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Scientific Programming
Volume 2015, Article ID 576463, 15 pages
http://dx.doi.org/10.1155/2015/576463
Research Article

Prefiltering Strategy to Improve Performance of Semantic Web Service Discovery

Department of Computer Engineering, Eastern Mediterranean University, Famagusta, Northern Cyprus, Mersin 10, Turkey

Received 25 May 2015; Revised 12 August 2015; Accepted 14 September 2015

Academic Editor: Wan Fokkink

Copyright © 2015 Samira Ghayekhloo and Zeki Bayram. This is an open access article distributed under the Creative Commons Attribution License, which permits unrestricted use, distribution, and reproduction in any medium, provided the original work is properly cited.

Abstract

Discovery of semantic Web services is a heavyweight task when the number of Web services or the complexity of ontologies increases. In this paper, we present a new logical discovery framework based on semantic description of the capability of Web services and user goals using F-logic. Our framework tackles the scalability problem and improves discovery performance by adding two prefiltering stages to the discovery engine. The first stage is based on ontology comparison of user request and Web service categories. In the second stage, yet more Web services are eliminated based upon a decomposition and analysis of concept and instance attributes used in Web service capabilities and the requested capabilities of the client, resulting in a much smaller pool of Web services that need to be matched against the client request. Our prefiltering approach is evaluated using a new Web service repository, called WSMO-FL test collection. The recall rate of the filtering process is 100% by design, since no relevant Web services are ever eliminated by the two prefiltering stages, and experimental results show that the precision rate is more than 53%.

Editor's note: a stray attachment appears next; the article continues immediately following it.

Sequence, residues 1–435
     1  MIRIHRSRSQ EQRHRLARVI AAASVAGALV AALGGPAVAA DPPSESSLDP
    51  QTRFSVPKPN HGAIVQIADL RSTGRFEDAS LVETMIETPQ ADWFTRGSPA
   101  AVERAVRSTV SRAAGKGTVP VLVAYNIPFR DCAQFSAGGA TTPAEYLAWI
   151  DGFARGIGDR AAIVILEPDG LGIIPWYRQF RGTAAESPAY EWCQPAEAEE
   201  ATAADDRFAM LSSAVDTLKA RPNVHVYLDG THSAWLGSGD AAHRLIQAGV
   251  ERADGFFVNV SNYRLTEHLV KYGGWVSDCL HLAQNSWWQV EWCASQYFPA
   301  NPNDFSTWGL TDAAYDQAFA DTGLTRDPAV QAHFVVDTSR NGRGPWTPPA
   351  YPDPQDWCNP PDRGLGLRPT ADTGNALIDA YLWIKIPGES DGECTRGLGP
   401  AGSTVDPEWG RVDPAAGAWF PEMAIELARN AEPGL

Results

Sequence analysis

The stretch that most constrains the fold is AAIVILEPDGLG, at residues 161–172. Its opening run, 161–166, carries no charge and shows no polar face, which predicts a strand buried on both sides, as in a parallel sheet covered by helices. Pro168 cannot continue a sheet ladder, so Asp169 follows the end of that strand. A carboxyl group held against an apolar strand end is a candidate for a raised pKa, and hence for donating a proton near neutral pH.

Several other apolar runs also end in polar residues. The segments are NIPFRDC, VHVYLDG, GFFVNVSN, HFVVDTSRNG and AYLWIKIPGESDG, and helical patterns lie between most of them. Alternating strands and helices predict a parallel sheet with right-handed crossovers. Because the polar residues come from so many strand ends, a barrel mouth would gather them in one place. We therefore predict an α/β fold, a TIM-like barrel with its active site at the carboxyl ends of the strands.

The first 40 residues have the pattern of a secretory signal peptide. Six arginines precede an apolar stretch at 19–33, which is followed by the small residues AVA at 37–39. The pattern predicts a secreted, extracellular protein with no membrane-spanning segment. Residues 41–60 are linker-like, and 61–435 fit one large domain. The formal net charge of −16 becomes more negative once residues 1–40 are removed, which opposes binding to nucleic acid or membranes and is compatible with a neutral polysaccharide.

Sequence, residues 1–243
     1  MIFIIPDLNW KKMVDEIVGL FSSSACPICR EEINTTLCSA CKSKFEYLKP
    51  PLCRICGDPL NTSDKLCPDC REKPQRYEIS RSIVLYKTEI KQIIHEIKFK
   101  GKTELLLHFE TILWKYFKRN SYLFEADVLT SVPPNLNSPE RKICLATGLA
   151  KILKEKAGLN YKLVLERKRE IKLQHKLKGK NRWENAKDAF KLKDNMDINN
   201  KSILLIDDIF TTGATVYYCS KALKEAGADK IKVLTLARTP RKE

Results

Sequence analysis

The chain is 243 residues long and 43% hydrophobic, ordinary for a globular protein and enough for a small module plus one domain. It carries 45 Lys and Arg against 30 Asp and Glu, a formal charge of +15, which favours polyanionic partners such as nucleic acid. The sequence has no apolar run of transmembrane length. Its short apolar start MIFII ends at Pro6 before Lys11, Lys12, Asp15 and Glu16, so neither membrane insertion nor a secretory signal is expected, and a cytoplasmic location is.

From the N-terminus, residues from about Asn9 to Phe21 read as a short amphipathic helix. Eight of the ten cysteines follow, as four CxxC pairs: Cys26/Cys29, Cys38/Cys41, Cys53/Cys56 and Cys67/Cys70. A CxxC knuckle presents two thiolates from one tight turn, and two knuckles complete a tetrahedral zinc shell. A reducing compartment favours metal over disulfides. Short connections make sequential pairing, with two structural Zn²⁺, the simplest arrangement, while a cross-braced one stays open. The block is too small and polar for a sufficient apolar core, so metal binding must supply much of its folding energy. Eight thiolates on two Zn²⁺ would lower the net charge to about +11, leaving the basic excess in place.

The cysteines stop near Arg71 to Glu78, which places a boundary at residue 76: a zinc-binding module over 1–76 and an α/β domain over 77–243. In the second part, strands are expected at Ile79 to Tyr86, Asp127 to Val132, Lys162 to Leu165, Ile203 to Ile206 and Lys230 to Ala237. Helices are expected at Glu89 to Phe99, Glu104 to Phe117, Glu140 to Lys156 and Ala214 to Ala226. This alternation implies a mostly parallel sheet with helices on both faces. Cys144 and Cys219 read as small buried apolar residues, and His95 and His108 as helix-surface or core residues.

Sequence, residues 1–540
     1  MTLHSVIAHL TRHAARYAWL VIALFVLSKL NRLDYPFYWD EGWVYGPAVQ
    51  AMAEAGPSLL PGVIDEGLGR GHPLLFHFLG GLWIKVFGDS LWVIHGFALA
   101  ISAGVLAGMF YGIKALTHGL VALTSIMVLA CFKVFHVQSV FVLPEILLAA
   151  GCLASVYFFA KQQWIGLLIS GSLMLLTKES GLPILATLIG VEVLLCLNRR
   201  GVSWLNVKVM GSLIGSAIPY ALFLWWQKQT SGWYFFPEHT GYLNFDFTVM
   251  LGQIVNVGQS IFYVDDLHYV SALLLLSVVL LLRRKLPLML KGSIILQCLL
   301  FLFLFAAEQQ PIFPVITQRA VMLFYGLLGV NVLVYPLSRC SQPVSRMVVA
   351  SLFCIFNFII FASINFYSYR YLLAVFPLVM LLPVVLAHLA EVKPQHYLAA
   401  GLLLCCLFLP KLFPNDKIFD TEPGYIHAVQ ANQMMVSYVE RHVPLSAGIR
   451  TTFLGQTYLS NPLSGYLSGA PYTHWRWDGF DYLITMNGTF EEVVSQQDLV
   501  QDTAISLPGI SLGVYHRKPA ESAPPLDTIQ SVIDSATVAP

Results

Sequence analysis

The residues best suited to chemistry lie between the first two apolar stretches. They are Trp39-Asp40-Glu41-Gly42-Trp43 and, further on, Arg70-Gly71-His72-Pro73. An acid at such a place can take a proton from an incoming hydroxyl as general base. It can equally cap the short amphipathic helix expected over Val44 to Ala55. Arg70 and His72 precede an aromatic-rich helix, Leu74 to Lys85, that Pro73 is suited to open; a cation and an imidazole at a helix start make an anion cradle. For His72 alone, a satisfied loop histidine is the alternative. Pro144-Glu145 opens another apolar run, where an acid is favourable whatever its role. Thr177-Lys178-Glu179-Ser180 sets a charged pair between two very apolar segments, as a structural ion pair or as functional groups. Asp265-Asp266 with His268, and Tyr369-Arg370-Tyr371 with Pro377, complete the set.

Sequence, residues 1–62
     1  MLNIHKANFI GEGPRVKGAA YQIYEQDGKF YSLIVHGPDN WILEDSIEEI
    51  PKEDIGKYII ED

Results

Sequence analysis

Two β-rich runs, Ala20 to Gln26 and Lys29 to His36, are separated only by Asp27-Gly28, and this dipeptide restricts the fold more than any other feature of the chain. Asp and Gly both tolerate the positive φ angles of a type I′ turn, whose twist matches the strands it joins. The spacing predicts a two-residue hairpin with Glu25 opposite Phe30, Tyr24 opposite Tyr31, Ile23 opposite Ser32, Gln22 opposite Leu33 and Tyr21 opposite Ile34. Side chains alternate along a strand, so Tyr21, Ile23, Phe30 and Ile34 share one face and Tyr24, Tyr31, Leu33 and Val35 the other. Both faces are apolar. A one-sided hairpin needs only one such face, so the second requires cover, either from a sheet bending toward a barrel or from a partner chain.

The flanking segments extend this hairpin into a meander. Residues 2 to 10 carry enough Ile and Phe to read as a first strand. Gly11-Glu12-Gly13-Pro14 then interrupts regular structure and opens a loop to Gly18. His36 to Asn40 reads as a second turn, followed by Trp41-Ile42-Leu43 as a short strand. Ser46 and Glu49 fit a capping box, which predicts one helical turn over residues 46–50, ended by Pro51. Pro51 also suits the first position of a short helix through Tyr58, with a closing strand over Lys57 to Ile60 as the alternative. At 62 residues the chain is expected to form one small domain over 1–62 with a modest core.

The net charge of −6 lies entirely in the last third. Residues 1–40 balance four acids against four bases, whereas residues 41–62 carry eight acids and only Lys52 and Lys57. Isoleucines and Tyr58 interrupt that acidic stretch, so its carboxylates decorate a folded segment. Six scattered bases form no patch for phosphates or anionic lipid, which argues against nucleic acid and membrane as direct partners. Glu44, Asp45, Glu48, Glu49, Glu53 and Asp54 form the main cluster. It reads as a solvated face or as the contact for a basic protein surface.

1. Introduction